As an athlete you benefit from a high number Red blood cells. By increasing these blood values, you can sustain your efforts for longer and at a higher intensity. But can you just increase this value as an athlete? According to anti-doping organizations, where are the limits? WADA?
The percentage of red blood cells also affects the hematocrit ratio. A high hematocrit is beneficial for endurance athletes, because this means that more oxygen can be transported to the muscles and organs. However, there are also risk factors for increasing hematocrit. Because the more red blood cells, the syrupier the blood. With this you run a greater risk of developing heart and vascular complaints, for example through the formation of blood clots.
To stimulate the production of red blood cells, the body releases the hormone erythropoietin ( epo ) off. Although it is a substance in your body, it is forbidden to give yourself extra epo. It is also forbidden to provide yourself with extra red blood cells via a blood transfusion. If you do, you can expect a suspension.
What is allowed for it hematocrit to increase use altitude training. You train and / or stay at a high altitude temporarily. At this altitude the air pressure is lower and the body therefore receives less oxygen. In response to this, the body will naturally produce more epo naturally, resulting in an increased production of red blood cells. Unlike epo and blood transfusions, it is altitude training the amount of red blood cells still regulated by the body itself.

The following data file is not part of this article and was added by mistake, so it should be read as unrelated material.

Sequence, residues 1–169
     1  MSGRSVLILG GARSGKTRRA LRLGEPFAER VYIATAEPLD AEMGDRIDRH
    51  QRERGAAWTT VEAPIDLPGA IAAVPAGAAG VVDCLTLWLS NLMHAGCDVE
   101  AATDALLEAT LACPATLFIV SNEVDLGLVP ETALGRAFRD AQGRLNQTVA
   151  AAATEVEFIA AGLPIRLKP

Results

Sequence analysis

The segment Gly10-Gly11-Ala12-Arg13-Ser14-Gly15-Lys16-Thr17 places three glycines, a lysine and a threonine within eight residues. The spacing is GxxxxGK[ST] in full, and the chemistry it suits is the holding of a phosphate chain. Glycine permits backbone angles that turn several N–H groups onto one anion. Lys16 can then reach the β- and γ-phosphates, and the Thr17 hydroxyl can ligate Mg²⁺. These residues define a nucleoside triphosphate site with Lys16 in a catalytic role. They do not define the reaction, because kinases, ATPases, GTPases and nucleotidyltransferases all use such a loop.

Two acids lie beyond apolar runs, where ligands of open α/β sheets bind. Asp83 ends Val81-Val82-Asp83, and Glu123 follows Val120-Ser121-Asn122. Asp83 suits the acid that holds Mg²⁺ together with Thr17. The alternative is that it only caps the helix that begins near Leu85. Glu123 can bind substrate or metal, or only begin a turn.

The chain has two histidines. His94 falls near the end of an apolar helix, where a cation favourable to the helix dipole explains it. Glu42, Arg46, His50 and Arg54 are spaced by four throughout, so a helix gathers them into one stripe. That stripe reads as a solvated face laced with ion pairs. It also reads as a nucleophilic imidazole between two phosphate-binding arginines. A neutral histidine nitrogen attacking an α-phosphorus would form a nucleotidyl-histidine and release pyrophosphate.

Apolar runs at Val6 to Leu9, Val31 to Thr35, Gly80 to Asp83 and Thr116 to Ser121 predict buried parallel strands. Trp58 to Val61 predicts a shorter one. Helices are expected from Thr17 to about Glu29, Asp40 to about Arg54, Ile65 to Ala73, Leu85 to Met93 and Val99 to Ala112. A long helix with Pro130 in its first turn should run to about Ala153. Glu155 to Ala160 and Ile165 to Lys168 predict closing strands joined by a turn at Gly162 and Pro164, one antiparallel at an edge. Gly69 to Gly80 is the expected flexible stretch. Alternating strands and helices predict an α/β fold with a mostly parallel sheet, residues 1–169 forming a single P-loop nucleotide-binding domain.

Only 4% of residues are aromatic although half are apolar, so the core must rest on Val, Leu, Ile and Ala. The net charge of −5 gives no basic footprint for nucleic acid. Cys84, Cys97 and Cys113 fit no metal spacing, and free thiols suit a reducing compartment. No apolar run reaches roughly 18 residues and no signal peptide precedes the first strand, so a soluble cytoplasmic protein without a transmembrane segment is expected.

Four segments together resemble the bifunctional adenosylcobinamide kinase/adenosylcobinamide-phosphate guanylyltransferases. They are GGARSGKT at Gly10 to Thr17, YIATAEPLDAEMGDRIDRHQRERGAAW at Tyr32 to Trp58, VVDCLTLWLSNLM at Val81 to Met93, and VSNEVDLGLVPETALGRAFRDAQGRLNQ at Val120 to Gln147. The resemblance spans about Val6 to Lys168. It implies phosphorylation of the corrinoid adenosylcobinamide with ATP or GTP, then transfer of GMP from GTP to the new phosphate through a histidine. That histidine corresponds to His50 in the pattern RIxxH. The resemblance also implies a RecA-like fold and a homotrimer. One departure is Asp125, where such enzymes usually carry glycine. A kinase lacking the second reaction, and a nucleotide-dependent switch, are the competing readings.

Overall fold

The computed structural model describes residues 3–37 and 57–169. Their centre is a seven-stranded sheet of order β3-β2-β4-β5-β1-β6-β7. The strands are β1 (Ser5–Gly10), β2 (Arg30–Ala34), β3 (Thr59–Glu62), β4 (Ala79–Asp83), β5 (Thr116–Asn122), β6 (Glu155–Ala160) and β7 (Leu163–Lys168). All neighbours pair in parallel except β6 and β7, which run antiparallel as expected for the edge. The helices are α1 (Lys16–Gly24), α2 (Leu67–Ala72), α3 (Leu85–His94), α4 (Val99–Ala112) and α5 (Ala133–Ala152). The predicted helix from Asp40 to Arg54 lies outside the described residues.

The height can also be simulated through the use of a altitude tent or altitude room. These systems are allowed, but not in some cases. According to some organizations it would be contrary to the spirit of sport. The use of this equipment would detract from the experience and image of the sport. In Italy and Norway, for example, the use of a height tent is prohibited by the government. That a height tent is only allowed in these 2 countries is very controversial since it is a natural form of training, just like training in the mountains.
However, it has not come to a total ban of this equipment. Former WADA director Dick Pound said about this: “It was a big point of discussion whether we should ban the methods of creating artificial oxygen conditions. We have decided not to. We don't think it's good to put these methods on the list. ".
WADA has cleared the air with that. The athletes, with the exception of Norway and Italy, are therefore free to use height tents or height rooms to increase their performance to great heights.